The political crisis seems narrowly confined to downtown Chisinau with its state institutions, political party headquarters, and those colleges and lyceums that supply protest demonstrators from time to time. Beyond Chisinau’s center, however, the countryside, "the profound Moldova," remains apathetic and seemingly uninterested. There, opinion surveys consistently find Voronin and other leaders of the nominally Communist authorities topping the popularity ratings. Political parties as such are ranked at the very bottom in terms of public confidence.
Nevertheless, the Voronin and "Communist" brands no longer constitute a sufficient basis for durable stability in Moldova. Almost 40 percent of voters supported explicitly "anti-communist" parties in these elections (the three opposition parties that entered the new parliament received a total of 35 percent of the votes cast -Moldpres, April 12). New generational cohorts are coming of age, to whom Soviet nostalgia is irrelevant and its icon, Voronin, rather an irritant. In Chisinau itself, Romanian identity (not necessarily synonymous with Romanian "unionism") can only gain ground, relative to the Moldovan identity, among the young and educated.
The Moldovan mass-media, highly diverse politically but not independent, covered the riots and the political crisis in ways that range from the tendentious to the crudely partisan to inflammatory. Television channels controlled by the authorities reach the largest audiences with the official interpretation of events. The president and government are positioning themselves as guardians of order and stability against the threat of chaos. This tactic may well increase their already high popularity in the countryside. Meanwhile the opposition leaders tend to use circumlocution and understatement, instead of full and unambiguous condemnation of the April 7 assault. Thus the mantle of guardians of stability remains with the authorities by default.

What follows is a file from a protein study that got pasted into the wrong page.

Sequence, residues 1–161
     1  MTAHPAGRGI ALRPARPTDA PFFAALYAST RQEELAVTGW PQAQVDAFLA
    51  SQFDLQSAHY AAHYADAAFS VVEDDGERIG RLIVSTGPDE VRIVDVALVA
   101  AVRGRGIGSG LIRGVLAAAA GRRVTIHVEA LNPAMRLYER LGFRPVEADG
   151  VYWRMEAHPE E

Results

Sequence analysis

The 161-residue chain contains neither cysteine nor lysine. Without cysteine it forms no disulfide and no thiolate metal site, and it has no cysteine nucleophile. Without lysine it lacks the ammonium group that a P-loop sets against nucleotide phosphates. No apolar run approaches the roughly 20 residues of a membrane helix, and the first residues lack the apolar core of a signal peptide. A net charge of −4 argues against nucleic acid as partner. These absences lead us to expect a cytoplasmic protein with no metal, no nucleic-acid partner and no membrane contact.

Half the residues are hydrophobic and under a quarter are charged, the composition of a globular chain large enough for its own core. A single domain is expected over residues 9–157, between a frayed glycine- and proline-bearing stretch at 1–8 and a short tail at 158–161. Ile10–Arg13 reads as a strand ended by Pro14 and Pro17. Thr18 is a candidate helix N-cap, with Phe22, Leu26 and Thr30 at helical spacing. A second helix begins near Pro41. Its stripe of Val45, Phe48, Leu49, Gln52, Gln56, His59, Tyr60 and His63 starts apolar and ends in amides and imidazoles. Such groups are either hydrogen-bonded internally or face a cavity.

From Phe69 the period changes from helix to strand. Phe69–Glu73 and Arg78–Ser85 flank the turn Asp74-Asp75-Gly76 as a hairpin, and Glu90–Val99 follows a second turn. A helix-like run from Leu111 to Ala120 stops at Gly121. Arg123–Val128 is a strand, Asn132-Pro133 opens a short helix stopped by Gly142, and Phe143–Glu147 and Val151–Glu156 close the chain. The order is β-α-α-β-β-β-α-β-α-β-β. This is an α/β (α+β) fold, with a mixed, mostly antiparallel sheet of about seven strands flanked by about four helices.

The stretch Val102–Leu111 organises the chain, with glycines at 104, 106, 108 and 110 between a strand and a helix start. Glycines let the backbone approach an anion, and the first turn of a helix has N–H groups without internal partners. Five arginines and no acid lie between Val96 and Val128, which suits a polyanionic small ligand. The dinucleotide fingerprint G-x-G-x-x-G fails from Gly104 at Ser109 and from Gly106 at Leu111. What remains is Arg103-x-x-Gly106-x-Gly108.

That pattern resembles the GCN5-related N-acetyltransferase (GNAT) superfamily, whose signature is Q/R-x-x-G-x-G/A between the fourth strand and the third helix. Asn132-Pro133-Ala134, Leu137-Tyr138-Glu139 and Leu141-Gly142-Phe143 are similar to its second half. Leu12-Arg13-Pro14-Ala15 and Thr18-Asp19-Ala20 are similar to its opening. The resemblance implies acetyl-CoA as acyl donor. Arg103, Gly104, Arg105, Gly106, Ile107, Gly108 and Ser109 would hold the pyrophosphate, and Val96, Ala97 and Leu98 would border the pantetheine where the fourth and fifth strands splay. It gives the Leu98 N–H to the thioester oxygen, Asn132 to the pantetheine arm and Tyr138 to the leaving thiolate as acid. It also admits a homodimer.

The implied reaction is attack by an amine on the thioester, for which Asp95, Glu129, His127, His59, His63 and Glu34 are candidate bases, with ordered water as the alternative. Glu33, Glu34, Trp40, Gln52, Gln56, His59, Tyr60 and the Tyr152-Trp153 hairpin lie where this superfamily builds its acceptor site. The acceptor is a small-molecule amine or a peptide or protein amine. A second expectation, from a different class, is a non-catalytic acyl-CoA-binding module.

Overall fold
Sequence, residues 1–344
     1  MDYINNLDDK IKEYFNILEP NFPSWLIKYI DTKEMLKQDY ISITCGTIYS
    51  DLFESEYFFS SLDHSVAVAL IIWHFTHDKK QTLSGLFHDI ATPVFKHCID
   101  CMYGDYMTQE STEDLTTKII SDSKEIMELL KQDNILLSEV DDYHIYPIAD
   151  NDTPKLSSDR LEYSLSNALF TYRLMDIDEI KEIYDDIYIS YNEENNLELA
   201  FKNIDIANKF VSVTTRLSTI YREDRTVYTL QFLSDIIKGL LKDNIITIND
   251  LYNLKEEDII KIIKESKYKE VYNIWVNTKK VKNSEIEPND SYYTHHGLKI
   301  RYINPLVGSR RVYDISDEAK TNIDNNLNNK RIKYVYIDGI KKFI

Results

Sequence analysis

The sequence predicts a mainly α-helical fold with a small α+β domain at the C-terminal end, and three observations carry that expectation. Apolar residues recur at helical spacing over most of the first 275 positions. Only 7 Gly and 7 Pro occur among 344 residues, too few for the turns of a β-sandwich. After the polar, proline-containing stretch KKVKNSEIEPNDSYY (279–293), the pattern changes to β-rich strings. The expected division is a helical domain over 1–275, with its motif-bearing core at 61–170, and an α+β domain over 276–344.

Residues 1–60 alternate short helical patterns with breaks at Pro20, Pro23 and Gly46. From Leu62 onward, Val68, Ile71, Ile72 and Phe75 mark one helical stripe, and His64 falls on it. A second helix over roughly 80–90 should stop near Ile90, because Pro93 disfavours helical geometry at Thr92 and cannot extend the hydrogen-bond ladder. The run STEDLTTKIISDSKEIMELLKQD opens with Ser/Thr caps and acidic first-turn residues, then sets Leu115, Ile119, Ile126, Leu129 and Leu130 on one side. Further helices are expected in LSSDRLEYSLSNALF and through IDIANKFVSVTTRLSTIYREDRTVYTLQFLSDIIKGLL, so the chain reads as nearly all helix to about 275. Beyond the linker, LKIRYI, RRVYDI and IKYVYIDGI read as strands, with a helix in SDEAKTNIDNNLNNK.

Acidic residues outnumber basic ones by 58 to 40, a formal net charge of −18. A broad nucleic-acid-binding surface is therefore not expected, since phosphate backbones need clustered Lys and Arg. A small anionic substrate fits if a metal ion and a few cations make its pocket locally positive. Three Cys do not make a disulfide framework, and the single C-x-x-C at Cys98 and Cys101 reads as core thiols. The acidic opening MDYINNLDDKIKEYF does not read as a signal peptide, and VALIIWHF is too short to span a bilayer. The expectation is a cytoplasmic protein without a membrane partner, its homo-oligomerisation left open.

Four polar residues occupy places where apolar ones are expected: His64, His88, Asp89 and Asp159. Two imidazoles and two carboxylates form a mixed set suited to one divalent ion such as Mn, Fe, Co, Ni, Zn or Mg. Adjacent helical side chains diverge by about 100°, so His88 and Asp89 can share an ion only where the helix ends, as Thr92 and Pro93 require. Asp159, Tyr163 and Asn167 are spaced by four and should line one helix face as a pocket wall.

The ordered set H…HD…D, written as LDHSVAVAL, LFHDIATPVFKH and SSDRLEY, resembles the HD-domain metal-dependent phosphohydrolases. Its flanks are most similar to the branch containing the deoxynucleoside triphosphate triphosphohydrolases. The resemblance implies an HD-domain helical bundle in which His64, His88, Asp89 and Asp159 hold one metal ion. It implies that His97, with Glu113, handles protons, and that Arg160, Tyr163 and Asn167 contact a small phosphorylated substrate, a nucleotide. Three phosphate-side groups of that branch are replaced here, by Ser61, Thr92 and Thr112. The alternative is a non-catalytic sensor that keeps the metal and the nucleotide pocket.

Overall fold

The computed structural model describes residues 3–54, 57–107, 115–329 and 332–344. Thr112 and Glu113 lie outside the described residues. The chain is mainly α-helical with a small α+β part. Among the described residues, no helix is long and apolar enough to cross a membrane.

The Moldovan president and government seek to resolve the crisis by working closely with the European Union and its institutions. Moldovan authorities, however, are handicapped in terms of communicating with international public opinion and media. The panicked authorities have interdicted the access of foreign journalists to the country after the April 7 riots. Partly for this reason, international media coverage of the riots and the political crisis is often informed by yesteryear’s stereotypes ("color revolution" versus communists, West versus Russia) or their latest pop-style adaptation ("twitter revolution").
The European Union’s Special Representative, Kalman Mizsei, has been working continuously in Chisinau to broker a political solution. Elements of such a solution would include cessation of abuses and criminal prosecutions by law-enforcement authorities and the opening of the new parliament. The three opposition parties -Liberal, Liberal-Democrat, and Our Moldova- would hold a respectable 41 seats out of 101 in the parliament.
Following his latest meeting with Mizsei on April 15, Voronin has announced an amnesty for those being detained or investigated in connection with the riots, excepting only those with prior criminal records. Voronin further announced that "self-styled politicians," presumed to have incited the riots, would not be prosecuted; instead, "voters would give their verdict." He has instructed the authorities to conduct a "transparent and correct investigation" in cooperation with a fact-finding team of the European Union, which Voronin has already invited to Chisinau and which is expected to arrive imminently (Moldovan TV, Moldpres, April 15).
Voronin had taken the initiative to invite such an EU team in his April 10 telephone conversation with the EU’s High Representative for the Common Foreign and Security Policy, Javier Solana; and the EU responded positively three days later (European Council press release, April 13). The president has also invited Czech Acting Prime Minister Mirek Topolanek -representing the EU’s incumbent Czech presidency- to arrive in Chisinau.
With these developments, and on the basis of the internationally recognized electoral outcome, Mizsei is calling on all the parties represented in the new parliament to engage in a conciliation process through dialogue. The EU’s Special Representative will continue facilitating this process. The three opposition parties’ leaders vacillate between this option and the alternative, which would be for them to force the holding of repeat elections, at unaffordable costs for crisis-hit Moldova and with an obvious risk of chaos.